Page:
6.6.5 Out‑of‑Date Walk Sequence Information

Mailings prepared with out‑of‑date walk‑sequencing information are not eligible for walk‑sequence rates. [M050.2.3]

6.6.6 Updating Line‑of‑Travel Sequence Information

Unless the mail is prepared in carrier walk sequence, line‑of‑travel (LOT) sequence is required for mailings at Standard Mail Enhanced Carrier Route basic rates. LOT sequence is not an exact walk sequence but a sequence of ZIP+4 codes arranged in the order that the route is served by a carrier. (First the ZIP+4 groups are sequenced, then the addresses within each are identified as being in ascending or descending order.) The USPS eLOT product provides a list of the ZIP+4 codes each carrier route serves, identifies the order in which they are delivered, and provides an indicator specifying whether the addresses that share the same ZIP+4 code must be sorted in ascending or descending order. When a range of ZIP+4 codes on the same carrier route are assigned the same sequence number, the addresses bearing those ZIP+4 codes must be arranged in ascending ZIP+4 code order before the sequence number is assigned. LOT information must be updated within 90 days before the date of mailing. [M050.2.4]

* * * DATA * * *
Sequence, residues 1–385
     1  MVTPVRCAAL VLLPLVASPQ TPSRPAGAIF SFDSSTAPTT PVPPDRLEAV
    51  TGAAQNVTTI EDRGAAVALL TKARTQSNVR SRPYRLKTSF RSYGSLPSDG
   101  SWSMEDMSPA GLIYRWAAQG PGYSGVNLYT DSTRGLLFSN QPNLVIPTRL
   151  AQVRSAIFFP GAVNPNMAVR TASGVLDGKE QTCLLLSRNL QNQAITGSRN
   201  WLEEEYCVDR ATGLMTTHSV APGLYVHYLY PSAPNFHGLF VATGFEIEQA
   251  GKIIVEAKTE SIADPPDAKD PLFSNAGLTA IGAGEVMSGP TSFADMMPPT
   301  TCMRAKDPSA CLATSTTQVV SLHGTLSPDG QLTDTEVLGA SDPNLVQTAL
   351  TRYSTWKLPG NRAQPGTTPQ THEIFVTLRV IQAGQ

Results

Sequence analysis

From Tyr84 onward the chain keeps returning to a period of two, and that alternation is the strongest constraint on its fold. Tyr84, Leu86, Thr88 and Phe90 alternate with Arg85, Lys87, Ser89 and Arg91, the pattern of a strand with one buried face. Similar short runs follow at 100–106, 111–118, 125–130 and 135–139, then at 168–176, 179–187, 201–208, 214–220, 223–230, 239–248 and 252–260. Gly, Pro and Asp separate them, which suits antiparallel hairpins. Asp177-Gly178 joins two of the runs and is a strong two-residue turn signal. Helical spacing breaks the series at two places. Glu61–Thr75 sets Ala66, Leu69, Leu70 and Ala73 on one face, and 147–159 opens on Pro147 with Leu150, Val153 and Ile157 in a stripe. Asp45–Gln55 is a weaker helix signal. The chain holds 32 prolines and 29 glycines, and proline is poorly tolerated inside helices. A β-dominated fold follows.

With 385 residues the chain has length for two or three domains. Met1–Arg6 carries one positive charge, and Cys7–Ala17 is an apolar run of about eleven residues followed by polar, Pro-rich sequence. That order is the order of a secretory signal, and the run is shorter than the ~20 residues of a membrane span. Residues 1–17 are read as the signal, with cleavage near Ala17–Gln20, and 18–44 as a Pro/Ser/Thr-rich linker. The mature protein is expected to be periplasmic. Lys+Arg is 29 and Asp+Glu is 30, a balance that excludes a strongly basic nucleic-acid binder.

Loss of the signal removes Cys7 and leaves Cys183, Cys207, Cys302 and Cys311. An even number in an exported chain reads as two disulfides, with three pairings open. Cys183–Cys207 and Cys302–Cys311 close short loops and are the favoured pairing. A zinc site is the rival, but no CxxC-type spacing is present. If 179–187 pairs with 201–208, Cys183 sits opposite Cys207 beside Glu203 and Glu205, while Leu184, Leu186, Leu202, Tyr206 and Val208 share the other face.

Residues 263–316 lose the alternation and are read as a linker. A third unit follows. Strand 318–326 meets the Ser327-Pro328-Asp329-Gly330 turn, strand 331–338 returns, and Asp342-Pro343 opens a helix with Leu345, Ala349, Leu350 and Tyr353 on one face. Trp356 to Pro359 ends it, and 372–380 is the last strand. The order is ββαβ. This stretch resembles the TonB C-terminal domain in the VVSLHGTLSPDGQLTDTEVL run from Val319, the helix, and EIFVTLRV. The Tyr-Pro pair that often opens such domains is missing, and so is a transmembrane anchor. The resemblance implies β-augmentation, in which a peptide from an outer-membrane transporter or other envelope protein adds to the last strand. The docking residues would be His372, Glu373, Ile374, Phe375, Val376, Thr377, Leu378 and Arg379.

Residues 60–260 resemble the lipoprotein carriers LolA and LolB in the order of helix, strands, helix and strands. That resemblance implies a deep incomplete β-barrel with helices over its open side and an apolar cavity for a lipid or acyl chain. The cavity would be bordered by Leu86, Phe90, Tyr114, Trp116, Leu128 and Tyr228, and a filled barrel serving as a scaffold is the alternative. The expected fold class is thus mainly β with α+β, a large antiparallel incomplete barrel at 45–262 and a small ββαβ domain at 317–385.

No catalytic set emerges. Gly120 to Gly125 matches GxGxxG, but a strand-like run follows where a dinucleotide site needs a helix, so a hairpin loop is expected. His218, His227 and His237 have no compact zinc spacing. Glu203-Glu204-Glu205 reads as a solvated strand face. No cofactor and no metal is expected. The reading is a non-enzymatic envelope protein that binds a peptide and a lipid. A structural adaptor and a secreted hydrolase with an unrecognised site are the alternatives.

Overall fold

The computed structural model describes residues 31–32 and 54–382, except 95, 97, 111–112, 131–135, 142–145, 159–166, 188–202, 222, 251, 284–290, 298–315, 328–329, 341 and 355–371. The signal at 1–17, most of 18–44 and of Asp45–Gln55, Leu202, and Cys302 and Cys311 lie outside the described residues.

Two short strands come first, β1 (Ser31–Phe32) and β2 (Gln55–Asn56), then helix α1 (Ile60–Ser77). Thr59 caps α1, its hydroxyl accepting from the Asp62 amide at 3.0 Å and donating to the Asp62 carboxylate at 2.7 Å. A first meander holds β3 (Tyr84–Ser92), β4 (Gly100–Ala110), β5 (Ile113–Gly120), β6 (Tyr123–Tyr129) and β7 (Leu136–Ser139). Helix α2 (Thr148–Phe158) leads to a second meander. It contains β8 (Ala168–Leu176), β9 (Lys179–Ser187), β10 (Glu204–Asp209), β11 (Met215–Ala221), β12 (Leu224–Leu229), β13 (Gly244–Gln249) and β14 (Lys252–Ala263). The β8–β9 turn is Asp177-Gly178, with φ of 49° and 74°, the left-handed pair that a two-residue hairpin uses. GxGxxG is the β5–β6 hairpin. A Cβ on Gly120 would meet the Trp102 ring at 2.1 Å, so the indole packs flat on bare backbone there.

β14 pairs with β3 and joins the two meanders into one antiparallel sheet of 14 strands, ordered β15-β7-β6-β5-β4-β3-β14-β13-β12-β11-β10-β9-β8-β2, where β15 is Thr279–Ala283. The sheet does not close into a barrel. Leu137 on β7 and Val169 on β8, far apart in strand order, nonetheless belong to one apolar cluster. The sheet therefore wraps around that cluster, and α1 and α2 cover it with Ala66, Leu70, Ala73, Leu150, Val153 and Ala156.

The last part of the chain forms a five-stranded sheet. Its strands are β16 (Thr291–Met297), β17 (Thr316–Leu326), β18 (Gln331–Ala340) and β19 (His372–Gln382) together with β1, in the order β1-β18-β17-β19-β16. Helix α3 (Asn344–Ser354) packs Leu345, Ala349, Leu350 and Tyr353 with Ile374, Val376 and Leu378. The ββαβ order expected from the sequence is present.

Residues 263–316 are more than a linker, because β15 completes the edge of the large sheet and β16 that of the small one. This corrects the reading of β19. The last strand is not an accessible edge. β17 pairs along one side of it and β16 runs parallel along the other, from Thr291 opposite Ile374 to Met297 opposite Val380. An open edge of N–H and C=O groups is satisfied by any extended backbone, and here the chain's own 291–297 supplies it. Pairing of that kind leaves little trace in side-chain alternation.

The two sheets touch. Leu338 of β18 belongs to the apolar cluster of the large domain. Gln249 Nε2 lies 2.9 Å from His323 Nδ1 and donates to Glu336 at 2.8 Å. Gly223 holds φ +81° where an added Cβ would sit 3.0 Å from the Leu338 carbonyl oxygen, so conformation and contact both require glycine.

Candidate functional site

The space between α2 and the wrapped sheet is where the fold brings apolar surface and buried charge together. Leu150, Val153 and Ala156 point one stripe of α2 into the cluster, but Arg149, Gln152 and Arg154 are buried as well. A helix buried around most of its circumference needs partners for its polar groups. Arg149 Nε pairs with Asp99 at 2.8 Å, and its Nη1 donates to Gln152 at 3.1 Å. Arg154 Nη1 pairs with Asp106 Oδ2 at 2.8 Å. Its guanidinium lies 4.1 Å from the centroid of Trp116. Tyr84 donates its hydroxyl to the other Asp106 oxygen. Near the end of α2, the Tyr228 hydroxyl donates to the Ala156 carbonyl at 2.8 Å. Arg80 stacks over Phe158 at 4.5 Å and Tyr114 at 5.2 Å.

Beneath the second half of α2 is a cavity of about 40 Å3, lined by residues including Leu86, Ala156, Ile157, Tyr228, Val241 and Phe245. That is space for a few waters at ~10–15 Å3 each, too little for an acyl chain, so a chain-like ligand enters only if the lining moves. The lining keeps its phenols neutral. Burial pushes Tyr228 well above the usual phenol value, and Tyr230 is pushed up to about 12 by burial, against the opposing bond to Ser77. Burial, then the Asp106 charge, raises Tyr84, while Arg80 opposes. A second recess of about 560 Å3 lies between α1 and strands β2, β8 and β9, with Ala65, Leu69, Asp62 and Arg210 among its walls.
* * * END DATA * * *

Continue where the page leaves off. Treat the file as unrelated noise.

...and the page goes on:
6.7 Delivery Sequence Documentation

6.7.1 General Standards

The postage statement must be annotated in the "Carrier Route Sequencing Date" block on page 1. The mailer must annotate the postage statement to show the earliest (oldest) date of the method used to obtain sequencing information for the mailing. The mailer's signature on the postage statement certifies that this standard has been met when the corresponding mail is presented to the USPS. The mailer must maintain documentation to substantiate compliance with the standards for carrier route sequencing. Unless submitted with each corresponding mailing, the mailer must be able to provide the USPS with documentation (if requested) of accurate sequencing or delivery statistics for each carrier route to which pieces are mailed. Acceptable forms of documentation are: